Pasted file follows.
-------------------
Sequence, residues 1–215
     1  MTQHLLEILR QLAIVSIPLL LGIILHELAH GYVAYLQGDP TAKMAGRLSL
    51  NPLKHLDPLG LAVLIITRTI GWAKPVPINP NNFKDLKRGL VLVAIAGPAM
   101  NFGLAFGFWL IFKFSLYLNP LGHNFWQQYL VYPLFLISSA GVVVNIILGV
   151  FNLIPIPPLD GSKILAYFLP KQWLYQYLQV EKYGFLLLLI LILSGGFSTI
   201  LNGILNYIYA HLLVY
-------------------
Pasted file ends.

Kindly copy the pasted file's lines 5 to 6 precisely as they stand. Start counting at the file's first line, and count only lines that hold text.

   151  FNLIPIPPLD GSKILAYFLP KQWLYQYLQV EKYGFLLLLI LILSGGFSTI
   201  LNGILNYIYA HLLVY